That’s a really good idea. I’m going to capitalize on it. I don’t do that. A lot of our more famous hosts have their own speaking agents and their own networks they work with to do that. It’s not something we’ve done. I’ll occasionally work with an editor or writer who has an invitation, and talk to them about the gig or about what they want to do. But it’s not something we actively do.
Do you do any other collaborations with non-Slate podcasts or podcast festivals?
Occasionally. There are so many podcast festivals. Every year I’m deflecting a lot of invitations for our shows. We don’t tend to love sending Slate shows to podcast festivals. I don’t think it’s an amazing way to showcase Slate shows and Slate talent. It’s often a crowded space. People are running from one thing to the next. And that’s not really the experience we want the Slate experience to be. So we don’t do a ton of festivals.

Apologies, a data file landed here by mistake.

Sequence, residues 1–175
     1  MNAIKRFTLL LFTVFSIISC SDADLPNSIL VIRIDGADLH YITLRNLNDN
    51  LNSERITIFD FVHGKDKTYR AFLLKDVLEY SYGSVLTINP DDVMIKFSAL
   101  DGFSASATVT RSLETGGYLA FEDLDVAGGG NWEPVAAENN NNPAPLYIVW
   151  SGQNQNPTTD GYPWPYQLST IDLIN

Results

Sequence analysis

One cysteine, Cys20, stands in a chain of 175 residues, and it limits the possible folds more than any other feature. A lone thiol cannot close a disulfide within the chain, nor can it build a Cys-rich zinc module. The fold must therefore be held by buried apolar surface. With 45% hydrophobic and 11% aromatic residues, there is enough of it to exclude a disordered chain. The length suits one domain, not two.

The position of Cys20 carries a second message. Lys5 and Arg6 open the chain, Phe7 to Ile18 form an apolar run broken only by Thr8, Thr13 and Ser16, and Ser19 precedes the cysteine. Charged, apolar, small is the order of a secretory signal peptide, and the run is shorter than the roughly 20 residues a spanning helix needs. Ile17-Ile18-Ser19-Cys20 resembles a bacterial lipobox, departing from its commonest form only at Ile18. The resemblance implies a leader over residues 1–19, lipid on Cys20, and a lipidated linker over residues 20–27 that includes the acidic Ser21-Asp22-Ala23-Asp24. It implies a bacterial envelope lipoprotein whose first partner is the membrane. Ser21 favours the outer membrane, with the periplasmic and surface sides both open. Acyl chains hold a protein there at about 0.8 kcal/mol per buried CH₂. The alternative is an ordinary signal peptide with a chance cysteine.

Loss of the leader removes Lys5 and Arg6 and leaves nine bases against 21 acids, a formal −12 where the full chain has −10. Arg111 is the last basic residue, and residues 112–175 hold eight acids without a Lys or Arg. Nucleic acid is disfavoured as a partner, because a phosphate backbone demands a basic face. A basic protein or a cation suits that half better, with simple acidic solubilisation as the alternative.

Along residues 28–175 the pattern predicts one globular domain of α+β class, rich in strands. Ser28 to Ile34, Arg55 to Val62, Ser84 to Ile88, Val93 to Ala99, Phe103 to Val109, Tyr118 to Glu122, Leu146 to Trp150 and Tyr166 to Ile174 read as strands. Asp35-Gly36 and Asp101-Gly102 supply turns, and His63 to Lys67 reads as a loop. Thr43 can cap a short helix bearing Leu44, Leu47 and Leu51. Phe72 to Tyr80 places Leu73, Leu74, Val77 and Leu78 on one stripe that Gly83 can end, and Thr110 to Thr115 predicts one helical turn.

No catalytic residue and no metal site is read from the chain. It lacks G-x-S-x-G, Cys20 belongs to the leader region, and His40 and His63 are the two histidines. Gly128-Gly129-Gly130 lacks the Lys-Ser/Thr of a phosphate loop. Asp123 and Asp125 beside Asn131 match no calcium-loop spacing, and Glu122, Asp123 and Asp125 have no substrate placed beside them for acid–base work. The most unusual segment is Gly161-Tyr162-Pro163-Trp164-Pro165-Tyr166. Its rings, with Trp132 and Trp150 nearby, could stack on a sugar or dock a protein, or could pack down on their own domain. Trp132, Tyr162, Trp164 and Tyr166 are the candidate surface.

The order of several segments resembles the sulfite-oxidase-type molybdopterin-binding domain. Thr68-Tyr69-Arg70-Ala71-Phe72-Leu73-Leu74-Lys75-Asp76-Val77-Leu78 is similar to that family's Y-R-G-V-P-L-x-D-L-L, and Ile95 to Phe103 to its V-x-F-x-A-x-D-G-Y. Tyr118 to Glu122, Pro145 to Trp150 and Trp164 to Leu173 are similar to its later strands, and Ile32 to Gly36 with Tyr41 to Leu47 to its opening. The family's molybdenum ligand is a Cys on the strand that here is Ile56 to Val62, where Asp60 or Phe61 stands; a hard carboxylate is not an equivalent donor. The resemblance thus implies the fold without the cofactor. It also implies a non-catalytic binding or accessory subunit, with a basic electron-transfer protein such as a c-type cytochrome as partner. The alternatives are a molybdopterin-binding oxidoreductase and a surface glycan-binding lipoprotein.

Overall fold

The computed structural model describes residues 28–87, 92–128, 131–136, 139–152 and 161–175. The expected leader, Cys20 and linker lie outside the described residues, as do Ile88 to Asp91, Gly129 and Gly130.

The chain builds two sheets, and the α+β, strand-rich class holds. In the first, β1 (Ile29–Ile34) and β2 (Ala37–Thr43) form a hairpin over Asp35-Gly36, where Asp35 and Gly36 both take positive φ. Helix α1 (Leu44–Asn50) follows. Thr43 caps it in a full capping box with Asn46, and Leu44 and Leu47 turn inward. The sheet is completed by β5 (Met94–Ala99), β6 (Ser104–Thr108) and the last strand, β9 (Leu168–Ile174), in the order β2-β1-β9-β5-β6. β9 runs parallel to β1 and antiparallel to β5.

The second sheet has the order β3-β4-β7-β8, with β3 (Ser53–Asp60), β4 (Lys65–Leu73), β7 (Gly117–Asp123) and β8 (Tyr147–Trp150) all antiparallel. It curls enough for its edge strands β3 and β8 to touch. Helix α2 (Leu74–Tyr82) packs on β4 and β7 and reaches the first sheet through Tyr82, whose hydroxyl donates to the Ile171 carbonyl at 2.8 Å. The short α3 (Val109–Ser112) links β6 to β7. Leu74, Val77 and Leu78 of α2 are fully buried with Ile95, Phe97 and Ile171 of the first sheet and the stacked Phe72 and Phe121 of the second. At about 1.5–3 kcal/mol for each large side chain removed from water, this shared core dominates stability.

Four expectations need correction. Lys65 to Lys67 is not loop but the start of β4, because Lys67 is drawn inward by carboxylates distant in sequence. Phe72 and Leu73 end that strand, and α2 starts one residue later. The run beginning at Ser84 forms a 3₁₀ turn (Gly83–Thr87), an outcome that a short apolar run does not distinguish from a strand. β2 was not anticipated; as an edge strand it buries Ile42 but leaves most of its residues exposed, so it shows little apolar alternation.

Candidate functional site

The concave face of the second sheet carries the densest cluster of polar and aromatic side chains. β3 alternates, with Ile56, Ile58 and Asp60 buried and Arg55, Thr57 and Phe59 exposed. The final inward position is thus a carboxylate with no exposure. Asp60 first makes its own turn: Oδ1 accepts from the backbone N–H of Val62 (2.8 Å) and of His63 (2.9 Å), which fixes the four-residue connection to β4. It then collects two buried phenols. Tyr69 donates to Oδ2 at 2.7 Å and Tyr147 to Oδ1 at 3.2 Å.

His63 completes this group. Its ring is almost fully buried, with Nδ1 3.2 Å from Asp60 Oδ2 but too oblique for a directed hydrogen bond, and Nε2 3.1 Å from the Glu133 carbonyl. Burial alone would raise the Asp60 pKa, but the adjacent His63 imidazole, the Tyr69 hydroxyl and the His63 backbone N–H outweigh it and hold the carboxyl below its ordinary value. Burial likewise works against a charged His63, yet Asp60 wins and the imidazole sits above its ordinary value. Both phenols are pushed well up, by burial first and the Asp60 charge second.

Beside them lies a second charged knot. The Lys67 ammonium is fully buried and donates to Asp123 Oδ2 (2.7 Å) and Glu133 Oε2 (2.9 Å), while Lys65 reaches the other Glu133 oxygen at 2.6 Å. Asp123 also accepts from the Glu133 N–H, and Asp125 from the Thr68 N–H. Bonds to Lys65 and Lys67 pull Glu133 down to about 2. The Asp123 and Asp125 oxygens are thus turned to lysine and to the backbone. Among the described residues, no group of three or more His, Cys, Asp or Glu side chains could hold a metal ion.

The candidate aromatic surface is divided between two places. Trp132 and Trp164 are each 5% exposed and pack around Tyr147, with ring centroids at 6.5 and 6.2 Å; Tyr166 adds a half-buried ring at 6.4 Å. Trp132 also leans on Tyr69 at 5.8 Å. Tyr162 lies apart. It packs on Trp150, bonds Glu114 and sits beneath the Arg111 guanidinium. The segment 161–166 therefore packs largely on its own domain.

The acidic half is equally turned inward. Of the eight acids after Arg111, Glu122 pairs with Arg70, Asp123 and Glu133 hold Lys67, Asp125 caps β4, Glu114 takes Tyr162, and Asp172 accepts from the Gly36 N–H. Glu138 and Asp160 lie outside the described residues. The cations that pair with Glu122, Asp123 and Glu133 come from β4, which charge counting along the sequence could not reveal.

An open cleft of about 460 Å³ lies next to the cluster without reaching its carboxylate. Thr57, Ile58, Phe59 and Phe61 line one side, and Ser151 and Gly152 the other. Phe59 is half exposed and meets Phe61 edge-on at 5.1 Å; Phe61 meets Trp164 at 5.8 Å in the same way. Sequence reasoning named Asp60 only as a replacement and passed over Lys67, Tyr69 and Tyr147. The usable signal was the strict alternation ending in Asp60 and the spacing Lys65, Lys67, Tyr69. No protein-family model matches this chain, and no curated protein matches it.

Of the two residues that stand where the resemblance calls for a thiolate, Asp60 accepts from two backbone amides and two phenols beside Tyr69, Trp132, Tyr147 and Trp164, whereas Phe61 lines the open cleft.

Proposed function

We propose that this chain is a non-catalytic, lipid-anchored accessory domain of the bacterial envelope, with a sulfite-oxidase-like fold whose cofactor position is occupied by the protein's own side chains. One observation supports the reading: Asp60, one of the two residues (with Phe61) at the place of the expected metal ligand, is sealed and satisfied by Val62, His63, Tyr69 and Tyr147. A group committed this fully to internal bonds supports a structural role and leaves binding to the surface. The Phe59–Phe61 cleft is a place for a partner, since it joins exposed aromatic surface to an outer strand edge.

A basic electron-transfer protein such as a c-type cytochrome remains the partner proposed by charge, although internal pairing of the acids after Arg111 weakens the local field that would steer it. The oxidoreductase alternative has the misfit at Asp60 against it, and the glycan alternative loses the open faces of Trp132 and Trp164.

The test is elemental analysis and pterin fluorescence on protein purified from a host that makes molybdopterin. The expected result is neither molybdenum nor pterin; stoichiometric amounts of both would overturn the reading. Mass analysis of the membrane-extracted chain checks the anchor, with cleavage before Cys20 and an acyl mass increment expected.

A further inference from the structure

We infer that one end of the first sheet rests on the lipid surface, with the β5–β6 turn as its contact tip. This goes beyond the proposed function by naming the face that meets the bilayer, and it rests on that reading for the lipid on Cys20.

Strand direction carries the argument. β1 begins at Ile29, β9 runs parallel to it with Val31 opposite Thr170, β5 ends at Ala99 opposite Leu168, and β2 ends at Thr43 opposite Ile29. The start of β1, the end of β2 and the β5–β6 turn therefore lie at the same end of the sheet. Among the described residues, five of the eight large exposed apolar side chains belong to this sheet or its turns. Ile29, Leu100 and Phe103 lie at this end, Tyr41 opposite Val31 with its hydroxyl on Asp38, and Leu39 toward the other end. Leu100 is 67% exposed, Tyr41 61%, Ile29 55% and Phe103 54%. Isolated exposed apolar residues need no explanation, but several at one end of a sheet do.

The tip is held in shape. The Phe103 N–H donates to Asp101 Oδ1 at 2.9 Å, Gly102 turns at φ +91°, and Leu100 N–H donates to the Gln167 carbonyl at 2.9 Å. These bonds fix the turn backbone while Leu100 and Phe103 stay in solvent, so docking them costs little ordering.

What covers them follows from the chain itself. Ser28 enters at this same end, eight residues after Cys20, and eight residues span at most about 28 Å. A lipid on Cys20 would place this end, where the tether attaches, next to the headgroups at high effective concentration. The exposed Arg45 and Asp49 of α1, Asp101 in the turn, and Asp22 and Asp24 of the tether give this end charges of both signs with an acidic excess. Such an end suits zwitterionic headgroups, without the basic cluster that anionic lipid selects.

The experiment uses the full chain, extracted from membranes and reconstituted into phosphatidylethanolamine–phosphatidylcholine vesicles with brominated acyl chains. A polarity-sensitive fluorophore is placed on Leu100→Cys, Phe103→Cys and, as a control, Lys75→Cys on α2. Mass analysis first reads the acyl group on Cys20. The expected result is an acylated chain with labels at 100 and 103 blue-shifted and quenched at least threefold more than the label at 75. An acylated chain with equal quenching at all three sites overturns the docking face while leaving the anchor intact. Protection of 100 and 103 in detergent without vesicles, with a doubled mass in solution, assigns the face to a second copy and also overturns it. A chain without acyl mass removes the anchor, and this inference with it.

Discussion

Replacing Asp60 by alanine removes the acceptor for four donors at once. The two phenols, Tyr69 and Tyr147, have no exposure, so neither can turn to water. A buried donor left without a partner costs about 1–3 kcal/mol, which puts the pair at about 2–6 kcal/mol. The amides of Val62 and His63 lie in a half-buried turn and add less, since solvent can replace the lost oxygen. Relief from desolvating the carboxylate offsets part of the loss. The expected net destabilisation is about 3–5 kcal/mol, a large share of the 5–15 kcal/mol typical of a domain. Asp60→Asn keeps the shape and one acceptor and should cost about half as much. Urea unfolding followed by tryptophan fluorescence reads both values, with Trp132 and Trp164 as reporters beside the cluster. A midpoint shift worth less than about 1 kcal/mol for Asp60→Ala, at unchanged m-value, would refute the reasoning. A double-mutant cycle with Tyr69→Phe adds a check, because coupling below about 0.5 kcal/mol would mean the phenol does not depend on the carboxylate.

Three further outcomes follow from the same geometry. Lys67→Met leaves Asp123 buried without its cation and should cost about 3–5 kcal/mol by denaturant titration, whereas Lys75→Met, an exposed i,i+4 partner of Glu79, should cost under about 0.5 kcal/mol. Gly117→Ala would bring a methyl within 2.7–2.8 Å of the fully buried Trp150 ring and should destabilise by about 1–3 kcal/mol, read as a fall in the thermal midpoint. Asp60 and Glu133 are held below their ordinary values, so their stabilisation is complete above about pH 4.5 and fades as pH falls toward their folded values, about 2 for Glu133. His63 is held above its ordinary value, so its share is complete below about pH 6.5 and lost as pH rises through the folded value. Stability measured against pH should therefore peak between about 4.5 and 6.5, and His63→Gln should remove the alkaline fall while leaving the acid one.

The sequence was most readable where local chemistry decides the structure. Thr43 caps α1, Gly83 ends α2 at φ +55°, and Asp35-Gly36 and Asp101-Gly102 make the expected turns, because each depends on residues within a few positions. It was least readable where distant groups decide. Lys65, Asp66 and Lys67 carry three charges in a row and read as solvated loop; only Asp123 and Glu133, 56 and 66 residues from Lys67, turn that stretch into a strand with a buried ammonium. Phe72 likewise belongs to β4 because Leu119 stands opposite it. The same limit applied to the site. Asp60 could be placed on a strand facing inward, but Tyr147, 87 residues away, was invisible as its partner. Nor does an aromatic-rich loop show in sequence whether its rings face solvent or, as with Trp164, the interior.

We have in the past done several. And they’ve been fine. We just did a big partnership with the Texas Tribune Festival, that’s why we were in Austin. We did a whole day of podcasting in our own space that was connected to the Texas Tribune Festival they do every year. And that was a really fantastic partnership. But we were in our own area standing on our own, and we were able to attract the Slate audience, as well as work with them to overlap with the Texas Tribune audience. That was an example, I think, of a good, unique partnership that worked well for us. But just going to a lot of festivals, it doesn’t appeal to how we want to present our live shows.
How does non-podcast content differ? You mentioned Future Tense. How does your job differ when working on those kinds of projects?